Ah, telephemera… those shows whose stay with us was tantalisingly brief, snatched away before their time, and sometimes with good cause. They hit the schedules alongside established shows, hoping for a long run, but it’s not always to be, and for every Street Hawk there’s two Manimals. But here at STARBURST we celebrate their existence and mourn their departure, drilling down into the new season’s entertainment with equal opportunities square eyes… these are The Telephemera Years!
60 Minutes may have held onto the number one spot in the Nielsen ratings for the 1992-93 season but the sitcom was still the king of the schedules, with Roseanne, Home Improvement, and Murphy Brown riding high and Coach, Cheers, and Full House not far behind. The season’s biggest debut show was Hangin’ With Mr Cooper, a teen-centred sitcom focussed on a high school basketball coach, and fellow debutant Mad About You would soon join find its audience, along with a young show named Seinfeld.
More dramatic fare was on offer from Murder, She Wrote, still inexplicably popular after nine seasons, and there was a strong first season for Dr Quinn, Medicine Woman, but the appearance of Northern Exposure at number eleven in the ratings raised some cheer for those who liked their shows a little bit weird. Otherwise, it was thin gruel for genre fans with just Quantum Leap, Dinosaurs, Herman’s Head, and a limp Young Indiana Jones Chronicles on the network schedule, although Batman: The Animated Series did begin its run on Fox, joined by genre-adjacent shows Picket Fences and Walker, Texas Ranger on CBS. Not every show became an instant success, though, despite their apparent qualities, and the history books are full of near-misses and absolute flops. Here are four of 1992’s more telephemeric shows…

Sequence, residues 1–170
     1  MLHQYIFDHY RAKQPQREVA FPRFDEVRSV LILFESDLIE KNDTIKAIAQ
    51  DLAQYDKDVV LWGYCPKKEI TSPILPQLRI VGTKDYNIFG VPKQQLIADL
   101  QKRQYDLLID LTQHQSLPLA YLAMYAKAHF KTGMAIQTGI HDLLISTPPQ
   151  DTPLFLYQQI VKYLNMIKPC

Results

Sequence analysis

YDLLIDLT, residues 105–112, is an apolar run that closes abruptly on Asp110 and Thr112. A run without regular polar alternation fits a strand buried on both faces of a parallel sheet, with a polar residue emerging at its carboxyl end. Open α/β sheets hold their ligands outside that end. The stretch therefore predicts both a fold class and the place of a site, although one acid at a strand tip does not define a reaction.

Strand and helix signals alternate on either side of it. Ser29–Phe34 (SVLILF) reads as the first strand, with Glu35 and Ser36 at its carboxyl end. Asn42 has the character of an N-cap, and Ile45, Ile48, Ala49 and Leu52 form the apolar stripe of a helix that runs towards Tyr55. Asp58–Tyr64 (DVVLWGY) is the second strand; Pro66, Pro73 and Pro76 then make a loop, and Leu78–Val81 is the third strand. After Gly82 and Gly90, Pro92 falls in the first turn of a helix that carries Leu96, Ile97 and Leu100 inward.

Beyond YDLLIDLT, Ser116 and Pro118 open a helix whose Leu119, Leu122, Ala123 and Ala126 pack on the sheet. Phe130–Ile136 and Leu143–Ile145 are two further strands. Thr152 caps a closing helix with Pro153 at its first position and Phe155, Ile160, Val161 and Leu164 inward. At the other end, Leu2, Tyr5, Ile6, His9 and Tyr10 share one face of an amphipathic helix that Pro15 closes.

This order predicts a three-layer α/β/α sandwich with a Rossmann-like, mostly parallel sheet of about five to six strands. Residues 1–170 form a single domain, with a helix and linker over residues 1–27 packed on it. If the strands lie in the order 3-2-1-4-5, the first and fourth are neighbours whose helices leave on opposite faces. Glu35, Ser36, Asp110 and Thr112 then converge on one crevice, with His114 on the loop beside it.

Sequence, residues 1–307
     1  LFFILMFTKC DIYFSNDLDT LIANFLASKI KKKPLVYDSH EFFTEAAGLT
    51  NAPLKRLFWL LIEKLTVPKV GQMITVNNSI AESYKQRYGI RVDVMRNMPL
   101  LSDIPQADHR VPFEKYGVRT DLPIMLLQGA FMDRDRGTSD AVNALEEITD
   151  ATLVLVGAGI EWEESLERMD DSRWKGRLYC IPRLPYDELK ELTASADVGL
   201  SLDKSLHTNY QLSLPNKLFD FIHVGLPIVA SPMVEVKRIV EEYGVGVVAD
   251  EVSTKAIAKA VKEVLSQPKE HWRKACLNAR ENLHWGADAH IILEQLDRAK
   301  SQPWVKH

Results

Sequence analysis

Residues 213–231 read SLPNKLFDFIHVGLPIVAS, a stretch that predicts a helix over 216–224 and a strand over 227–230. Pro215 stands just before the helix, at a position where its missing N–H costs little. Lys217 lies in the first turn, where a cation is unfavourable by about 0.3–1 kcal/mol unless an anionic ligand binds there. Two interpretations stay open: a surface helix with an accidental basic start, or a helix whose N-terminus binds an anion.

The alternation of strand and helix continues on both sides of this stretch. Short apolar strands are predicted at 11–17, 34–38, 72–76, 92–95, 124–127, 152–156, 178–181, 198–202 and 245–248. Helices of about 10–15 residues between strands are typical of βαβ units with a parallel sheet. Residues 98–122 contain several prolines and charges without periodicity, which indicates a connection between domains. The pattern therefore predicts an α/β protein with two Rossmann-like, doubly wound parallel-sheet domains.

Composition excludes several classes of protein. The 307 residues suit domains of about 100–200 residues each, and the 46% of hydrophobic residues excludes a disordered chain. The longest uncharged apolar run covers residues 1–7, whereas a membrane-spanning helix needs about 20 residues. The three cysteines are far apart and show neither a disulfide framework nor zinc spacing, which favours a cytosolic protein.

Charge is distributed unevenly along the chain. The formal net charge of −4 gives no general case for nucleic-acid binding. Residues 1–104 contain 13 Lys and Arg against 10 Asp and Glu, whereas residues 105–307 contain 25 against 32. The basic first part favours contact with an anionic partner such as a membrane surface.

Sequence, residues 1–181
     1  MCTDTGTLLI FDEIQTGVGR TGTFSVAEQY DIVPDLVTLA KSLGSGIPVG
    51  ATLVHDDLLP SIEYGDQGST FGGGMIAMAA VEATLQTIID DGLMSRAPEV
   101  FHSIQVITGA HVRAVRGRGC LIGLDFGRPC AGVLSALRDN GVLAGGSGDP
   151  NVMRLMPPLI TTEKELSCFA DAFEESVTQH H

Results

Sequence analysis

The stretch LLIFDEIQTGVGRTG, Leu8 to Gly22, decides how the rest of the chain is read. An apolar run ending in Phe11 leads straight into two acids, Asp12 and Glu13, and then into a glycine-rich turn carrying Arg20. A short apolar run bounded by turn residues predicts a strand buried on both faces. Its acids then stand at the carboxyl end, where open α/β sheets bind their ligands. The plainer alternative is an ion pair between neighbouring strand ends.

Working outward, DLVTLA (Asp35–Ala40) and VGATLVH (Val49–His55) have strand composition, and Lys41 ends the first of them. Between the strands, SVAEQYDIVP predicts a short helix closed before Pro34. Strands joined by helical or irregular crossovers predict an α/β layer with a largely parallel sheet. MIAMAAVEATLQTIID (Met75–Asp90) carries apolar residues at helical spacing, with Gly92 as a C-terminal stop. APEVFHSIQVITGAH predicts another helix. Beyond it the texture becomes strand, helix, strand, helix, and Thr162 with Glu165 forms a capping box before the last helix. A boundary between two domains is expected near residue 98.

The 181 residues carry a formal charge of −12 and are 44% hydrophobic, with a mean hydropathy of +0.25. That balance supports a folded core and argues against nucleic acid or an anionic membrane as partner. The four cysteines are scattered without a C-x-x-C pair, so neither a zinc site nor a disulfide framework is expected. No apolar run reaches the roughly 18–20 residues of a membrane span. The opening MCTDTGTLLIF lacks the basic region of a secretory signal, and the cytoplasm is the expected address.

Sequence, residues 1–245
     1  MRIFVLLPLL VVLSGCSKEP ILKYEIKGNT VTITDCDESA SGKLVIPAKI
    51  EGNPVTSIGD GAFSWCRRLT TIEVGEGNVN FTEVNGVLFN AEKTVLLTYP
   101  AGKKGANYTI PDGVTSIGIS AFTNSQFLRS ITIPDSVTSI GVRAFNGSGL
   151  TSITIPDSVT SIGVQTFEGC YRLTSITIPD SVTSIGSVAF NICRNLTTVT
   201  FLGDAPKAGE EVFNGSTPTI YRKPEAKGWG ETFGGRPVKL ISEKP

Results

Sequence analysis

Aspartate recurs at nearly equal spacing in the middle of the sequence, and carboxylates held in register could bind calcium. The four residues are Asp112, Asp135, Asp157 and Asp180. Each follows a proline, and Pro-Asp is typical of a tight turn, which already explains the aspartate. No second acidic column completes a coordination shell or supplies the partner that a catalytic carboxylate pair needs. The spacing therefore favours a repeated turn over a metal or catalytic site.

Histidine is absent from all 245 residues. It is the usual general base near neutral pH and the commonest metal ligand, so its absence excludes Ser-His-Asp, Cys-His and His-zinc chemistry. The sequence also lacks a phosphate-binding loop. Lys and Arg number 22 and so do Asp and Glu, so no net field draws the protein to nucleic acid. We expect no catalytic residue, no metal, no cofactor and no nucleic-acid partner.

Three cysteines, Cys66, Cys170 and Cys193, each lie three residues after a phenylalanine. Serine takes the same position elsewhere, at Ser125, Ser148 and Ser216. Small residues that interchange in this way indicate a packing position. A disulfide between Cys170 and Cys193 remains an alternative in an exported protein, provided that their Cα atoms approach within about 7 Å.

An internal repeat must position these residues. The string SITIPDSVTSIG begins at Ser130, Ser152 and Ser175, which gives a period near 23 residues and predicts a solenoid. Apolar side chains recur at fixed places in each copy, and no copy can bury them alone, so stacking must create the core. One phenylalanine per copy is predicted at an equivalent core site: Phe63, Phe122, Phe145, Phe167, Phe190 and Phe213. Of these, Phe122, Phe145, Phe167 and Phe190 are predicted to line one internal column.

Wild Palms (ABC): Twin Peaks may not have been the blockbuster commercial success ABC was hoping but it had a tonal effect on several shows that came after it, with Northern Exposure and Picket Fences both having a touch of the strange about them. It also inspired filmmakers to dip their toes into TV, and Wild Palms was the result of Oliver Stone looking to do a David Lynch, taking as his inspiration a comic strip that had run in the pages of Details magazine.